Part of the tilt-shift effect comes from the camera's plane of focus. Normally, the plane of focus and the image plane are aligned, meaning you get even depth of field in a photograph wherever you decide to focus (foreground, background, etc.). Tilting the lens separates the plane of focus from the lens axis, so you can create a depth of field wedge. This technique can be used to put an entire photograph in focus, but it's often used to play with depth of field to help create the miniature model effect we mentioned earlier. Tilting is a way to gain more control over depth of field.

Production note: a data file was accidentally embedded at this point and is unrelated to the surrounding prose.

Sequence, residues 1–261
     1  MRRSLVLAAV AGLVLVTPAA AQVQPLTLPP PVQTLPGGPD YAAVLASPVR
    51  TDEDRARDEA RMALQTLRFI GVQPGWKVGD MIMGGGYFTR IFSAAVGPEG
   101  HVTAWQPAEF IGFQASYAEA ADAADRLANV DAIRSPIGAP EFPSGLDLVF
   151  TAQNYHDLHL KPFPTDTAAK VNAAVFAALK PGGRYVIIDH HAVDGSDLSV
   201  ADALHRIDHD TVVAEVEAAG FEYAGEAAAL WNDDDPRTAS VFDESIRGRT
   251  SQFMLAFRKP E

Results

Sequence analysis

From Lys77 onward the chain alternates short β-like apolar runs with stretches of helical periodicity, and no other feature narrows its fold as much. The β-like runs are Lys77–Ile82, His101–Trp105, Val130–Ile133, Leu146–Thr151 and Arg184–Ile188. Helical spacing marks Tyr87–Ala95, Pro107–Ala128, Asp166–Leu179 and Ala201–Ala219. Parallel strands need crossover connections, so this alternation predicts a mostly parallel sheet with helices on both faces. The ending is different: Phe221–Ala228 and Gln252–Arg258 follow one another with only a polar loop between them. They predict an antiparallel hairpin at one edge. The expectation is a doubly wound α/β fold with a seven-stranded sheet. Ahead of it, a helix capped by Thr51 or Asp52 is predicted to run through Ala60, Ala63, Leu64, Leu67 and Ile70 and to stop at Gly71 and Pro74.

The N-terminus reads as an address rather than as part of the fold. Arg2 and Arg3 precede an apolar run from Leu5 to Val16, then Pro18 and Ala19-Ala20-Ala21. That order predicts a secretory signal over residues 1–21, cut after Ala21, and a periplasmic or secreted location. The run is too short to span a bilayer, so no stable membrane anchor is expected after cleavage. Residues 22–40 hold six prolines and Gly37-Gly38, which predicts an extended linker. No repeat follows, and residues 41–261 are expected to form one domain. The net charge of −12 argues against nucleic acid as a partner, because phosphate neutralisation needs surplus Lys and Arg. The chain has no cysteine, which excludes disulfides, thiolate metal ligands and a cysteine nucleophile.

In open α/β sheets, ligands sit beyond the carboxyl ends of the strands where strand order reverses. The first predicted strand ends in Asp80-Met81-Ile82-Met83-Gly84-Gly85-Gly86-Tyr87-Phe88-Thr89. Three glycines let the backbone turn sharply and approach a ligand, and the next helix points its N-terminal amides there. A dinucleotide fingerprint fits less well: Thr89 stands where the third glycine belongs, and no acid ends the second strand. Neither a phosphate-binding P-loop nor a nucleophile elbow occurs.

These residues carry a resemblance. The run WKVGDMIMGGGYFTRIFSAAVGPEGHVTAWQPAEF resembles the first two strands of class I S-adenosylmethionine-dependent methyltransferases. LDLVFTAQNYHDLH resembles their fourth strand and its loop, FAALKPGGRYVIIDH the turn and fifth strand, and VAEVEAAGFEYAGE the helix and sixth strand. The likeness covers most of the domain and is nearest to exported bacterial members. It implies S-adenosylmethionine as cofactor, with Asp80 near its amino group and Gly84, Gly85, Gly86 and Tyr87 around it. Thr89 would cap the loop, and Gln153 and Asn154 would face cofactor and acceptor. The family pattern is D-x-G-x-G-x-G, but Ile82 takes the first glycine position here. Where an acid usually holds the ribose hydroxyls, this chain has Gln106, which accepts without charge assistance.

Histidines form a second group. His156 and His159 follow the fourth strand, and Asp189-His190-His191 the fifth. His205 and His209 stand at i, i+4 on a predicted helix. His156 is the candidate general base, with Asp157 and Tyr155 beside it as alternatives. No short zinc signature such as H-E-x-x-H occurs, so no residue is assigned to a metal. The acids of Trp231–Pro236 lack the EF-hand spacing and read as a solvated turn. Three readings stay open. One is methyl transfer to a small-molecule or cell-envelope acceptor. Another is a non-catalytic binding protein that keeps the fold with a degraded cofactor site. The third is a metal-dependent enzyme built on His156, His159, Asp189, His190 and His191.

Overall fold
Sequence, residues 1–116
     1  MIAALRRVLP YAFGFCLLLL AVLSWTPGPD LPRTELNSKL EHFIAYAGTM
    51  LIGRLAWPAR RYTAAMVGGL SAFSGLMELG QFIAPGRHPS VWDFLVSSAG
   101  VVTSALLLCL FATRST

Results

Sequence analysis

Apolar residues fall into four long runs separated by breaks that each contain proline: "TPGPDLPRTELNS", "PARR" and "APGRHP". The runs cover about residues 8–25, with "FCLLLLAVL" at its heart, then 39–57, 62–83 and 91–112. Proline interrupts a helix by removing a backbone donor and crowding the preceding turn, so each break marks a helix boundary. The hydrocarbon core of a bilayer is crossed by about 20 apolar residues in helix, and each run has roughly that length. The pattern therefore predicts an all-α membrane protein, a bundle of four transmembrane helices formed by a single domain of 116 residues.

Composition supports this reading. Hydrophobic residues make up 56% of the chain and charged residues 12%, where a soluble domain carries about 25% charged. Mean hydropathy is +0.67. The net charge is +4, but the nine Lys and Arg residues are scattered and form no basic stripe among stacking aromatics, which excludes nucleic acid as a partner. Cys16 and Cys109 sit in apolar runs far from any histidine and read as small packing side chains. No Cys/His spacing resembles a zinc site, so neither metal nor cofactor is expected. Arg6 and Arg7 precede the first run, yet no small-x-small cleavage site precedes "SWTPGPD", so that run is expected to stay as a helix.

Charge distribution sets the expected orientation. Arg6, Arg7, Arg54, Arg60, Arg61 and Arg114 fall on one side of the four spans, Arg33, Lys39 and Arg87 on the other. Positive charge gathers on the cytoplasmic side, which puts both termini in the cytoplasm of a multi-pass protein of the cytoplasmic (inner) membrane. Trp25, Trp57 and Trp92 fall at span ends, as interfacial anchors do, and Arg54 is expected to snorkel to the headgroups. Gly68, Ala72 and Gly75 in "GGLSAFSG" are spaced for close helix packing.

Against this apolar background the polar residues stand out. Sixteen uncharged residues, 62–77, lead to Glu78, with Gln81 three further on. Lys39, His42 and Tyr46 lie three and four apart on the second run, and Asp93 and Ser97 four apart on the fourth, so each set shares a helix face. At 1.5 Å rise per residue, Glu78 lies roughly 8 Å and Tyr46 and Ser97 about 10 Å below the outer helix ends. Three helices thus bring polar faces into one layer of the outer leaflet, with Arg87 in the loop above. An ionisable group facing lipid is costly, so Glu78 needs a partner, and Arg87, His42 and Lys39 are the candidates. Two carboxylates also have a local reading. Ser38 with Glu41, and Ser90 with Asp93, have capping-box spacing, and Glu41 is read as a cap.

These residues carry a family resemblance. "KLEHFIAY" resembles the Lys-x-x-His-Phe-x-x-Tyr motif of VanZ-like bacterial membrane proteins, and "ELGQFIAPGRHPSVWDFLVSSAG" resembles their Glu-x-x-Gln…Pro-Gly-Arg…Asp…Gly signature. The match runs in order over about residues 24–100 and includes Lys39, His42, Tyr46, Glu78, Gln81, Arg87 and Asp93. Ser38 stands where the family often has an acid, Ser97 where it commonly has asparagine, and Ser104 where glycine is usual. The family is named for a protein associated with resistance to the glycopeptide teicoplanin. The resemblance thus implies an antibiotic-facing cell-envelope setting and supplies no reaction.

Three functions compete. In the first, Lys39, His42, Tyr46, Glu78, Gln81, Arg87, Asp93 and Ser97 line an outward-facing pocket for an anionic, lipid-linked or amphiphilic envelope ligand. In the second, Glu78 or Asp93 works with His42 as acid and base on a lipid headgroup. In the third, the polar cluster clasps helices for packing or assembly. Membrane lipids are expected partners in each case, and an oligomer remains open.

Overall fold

Shifting alters the relationship between a camera's image sensor and the lens's imaging circle. Light travels down the circular lens and is then captured and cropped by the rectangular image sensor, which is why our photographs are normally rectangular instead or round. When you're taking a tilt-shift photo, you're really playing with perspective. When the lens shifts, it separates the lens's center of perspective from the sensor's. By changing the part of the lens circle the imaging sensor captures, photographers can capture more of an image above or below the normal horizon of a photograph. That's why shift lenses are popular in architecture photography: They can change perspectives to capture tall buildings without leaning the camera back and creating unnatural perspective.